Daily Archives: May 26, 2012

Book Review: Of Mice and Men by John Steinbeck

Title: Of Mice and Men
Author: John Steinbeck
Publisher: Penguin
ISBN: 978-0142000670
Genre: Literary Fiction
Pages: 107
Source: Library
Rating: 5/5

“Of Mice and Men” by John Steinbeck is the kind of book that fills you with hope, makes it stay for a while and then reveals the true nature of men and the world we live in, shattering the hope that it started off with.

I had heard a lot about this book and also own it. (It is there somewhere. I cannot seem to find it though.) I thought I would eventually read it and I did not tell I borrowed a copy from the library and finished it in a single sitting. If you do decide not to read it in a single sitting, take it from me, this book will haunt you. It will not let you be till you have completed it. Now to the plot.

Of Mice and Men is the story of two alienated men who work as farm labourers, drifting from job to job in California. Lennie is a gentle giant (who is a little slow). George guides and protects him and depends on him for companionship. They dream of owning a farm one day and tend rabbits. This however is not meant to be. They arrive at a new farm; work with new people, make friends, till the owner’s son’s Curley’s wife ruins it all for them.

The title of the book is from a poem by Robert Burns, “To a Mouse”, which goes: “The best laid schemes of mice and men, go often awry, and leave us nothing but grief and pain, for promised joy!” Steinbeck draws on these lines in the book very subtly, making sure that the plans do not go as they dreamt of, because after all that is the story.

The narrative is strong and descriptive as is the case in most books written by him. I remember reading East of Eden in a period of two days. I just could not get off the book. Of Mice and Men flows with dialogue and action. The scenes happen so quickly in the book that it sometimes takes the reader by surprise.

You feel sorry for the men. You want them to achieve what they wanted and you know that will not be possible. The writing is so strong that you empathize with them and that’s how a book should be written. The plot is complex but the writing is not and that’s the wonder of the book. Steinbeck almost structured the novel as a play and may be that is why it has been so easy to convert it to play and three movies I guess.

Steinbeck depicts the impossibility of dreams being achieved and explores brotherhoods in humans – the strengths, the weakness in man and sometimes the angst. Of Mice and Men is a classic in every sense that should not be missed. I am glad that I finally read it.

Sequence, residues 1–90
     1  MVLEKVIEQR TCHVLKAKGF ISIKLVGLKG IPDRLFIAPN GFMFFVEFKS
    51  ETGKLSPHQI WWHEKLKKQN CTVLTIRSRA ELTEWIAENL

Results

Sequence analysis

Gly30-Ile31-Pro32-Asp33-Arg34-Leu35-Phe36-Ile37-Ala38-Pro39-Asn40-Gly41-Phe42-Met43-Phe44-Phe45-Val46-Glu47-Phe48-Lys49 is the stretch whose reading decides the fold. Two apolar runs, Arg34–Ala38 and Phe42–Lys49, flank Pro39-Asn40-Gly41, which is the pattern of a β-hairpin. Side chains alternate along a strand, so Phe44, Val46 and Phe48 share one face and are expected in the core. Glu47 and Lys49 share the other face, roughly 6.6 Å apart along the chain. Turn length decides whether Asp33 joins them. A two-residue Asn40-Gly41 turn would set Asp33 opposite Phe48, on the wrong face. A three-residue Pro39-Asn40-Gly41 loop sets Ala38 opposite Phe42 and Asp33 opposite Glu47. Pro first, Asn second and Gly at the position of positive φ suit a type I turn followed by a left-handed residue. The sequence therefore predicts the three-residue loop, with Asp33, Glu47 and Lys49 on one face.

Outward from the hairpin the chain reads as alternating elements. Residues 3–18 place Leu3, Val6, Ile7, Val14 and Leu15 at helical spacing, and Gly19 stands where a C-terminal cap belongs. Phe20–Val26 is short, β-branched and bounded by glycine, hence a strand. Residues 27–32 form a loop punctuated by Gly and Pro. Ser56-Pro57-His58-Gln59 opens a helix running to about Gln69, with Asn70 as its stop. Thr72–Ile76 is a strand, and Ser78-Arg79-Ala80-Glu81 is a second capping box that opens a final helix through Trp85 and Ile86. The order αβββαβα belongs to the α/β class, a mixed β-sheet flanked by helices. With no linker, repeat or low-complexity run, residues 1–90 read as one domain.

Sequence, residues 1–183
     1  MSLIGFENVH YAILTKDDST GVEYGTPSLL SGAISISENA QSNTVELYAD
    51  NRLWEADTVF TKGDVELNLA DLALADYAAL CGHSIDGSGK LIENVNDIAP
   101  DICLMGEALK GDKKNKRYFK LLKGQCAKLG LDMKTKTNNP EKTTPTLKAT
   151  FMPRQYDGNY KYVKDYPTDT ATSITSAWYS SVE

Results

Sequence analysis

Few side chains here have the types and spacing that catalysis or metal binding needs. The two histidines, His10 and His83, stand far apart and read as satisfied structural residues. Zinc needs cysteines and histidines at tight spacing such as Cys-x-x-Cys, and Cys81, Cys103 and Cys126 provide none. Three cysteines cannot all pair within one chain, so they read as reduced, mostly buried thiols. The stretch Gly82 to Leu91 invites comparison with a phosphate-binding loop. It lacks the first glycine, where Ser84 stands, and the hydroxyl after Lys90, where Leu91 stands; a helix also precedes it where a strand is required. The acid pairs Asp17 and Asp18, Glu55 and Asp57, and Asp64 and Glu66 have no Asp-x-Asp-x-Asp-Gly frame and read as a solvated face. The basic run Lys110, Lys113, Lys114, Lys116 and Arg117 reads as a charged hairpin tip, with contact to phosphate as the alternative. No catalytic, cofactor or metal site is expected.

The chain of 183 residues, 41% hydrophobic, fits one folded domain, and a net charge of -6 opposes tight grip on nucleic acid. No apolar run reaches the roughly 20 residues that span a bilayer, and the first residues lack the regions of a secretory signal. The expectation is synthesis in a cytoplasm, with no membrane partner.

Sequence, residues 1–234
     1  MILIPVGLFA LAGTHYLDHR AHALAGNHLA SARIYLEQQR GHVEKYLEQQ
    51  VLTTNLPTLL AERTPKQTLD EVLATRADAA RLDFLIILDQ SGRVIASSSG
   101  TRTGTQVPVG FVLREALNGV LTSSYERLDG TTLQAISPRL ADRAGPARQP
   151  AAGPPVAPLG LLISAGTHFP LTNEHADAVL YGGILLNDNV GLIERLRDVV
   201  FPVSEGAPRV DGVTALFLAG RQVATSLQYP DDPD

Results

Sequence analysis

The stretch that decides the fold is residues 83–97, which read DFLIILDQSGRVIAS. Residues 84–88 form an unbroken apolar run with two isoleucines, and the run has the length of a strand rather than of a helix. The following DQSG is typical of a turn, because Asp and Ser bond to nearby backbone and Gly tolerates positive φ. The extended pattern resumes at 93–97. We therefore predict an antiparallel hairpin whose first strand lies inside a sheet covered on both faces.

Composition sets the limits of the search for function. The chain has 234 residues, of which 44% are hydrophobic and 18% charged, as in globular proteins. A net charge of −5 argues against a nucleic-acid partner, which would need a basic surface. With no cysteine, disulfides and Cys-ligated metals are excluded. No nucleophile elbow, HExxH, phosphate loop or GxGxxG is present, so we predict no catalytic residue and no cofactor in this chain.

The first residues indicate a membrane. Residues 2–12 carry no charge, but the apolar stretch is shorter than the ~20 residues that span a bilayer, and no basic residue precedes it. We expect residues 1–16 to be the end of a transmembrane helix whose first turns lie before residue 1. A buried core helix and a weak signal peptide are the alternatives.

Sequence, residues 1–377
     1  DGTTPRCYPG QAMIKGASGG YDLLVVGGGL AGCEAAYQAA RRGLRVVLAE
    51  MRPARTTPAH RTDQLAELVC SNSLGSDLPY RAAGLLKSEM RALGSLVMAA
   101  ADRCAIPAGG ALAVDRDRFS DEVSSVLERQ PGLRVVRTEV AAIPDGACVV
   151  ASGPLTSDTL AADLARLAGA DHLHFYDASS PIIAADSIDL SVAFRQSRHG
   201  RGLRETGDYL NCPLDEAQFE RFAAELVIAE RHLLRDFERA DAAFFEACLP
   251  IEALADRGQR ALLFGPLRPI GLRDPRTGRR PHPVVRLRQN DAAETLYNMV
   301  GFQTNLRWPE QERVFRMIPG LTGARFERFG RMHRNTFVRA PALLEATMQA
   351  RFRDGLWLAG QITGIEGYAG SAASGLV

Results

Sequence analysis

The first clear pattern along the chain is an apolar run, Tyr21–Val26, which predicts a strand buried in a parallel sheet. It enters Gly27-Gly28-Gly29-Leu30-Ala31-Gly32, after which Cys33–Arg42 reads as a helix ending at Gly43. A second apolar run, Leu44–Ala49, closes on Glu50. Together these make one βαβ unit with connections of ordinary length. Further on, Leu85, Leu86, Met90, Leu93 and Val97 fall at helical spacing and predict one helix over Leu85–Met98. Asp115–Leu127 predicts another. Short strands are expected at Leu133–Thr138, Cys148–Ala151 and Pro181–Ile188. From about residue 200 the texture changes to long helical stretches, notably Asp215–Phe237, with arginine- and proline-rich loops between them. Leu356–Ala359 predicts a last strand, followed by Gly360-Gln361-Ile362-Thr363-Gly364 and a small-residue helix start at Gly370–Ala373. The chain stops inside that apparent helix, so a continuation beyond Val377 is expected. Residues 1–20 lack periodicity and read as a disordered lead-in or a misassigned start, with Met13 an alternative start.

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Here is the trailer of the movie starring John Malkovich and Gary Sinise:


Book Review: Everything You Know by Zoe Heller

Title: Everything You Know
Author: Zoe Heller
Publisher: Picador USA
ISBN: 978-1-250-00374-4
Genre: Literary Fiction
Pages: 203
Source: Publisher
Rating: 4/5

There is always a good time to take you out of the reader’s block situation and for me that book in the recent past was “Everything you Know” by Zoe Heller. I remember the one and only book I had read by her earlier – Notes on a Scandal, which I was enthralled by. The writing style, the setting and the plot of the book was beyond great.

Zoe Heller’s book, “Everything you Know” is actually the first one written by her and I was not surprised by the beauty of the language at all. It just gave me an idea of the lucidity that came through in Notes on a Scandal. Everything you Know is about Willy Muller and his life. Willy Muller is an unusual character, someone who you might meet and stop and think about. He could be distasteful and yet he is just like you and I in most ways.

Willy Muller is recuperating from a heart attack in Mexico, and trying very hard to write a script of a celebrity’s memoirs – the writer’s block emerges and he cannot write. His girlfriend Penny, one of the plastically enhanced women and not too bright, is with him. One fine day he receives a call from his sister in England, informing him that their mother is dead. He rushes to England and the ghosts of the past haunt him all over again. Willy had to leave England with a bad reputation of being indicted for killing his wife in a domestic fight. He appeals and is set free. His daughters think he was responsible for their mother’s death. The second daughter commits suicide and leaves a diary. But of course Willy reads it and his life begins to unravel – one piece at a time. His answers and his questions merge and he wonders more, seeking answers, finding a way to live.

It is not easy to write a novel of this kind and accommodate everything in less than 300 pages. The writing is in your face and doesn’t let up for a single bit. Knowing the plot, it is depressive at times, but a fantastic read. Zoe Heller uses her craft very intelligently – without giving away too much and making readers think for themselves.

This is just one example of her superlative writing: “If I am a shit, I used to tell myself defiantly in those days, so be it.”

Zoe Heller has a linear style of writing. The jumping of past to present and back is sometimes overwhelming but works for the plot in most ways. The dialogues are perfectly tuned to the plot, the supporting characters play their part when needed fantastically and the plot is something else – from madness to crime to getting a grip on reality. Everything You Know is a great read that tells a lot about the human condition and the answers we seek, when sometimes they are right there in front of us.

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